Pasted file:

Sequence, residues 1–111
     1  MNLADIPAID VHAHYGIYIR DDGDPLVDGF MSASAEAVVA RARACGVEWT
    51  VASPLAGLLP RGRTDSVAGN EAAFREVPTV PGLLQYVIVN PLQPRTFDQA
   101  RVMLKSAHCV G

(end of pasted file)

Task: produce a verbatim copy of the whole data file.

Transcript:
Sequence, residues 1–111
     1  MNLADIPAID VHAHYGIYIR DDGDPLVDGF MSASAEAVVA RARACGVEWT
    51  VASPLAGLLP RGRTDSVAGN EAAFREVPTV PGLLQYVIVN PLQPRTFDQA
   101  RVMLKSAHCV G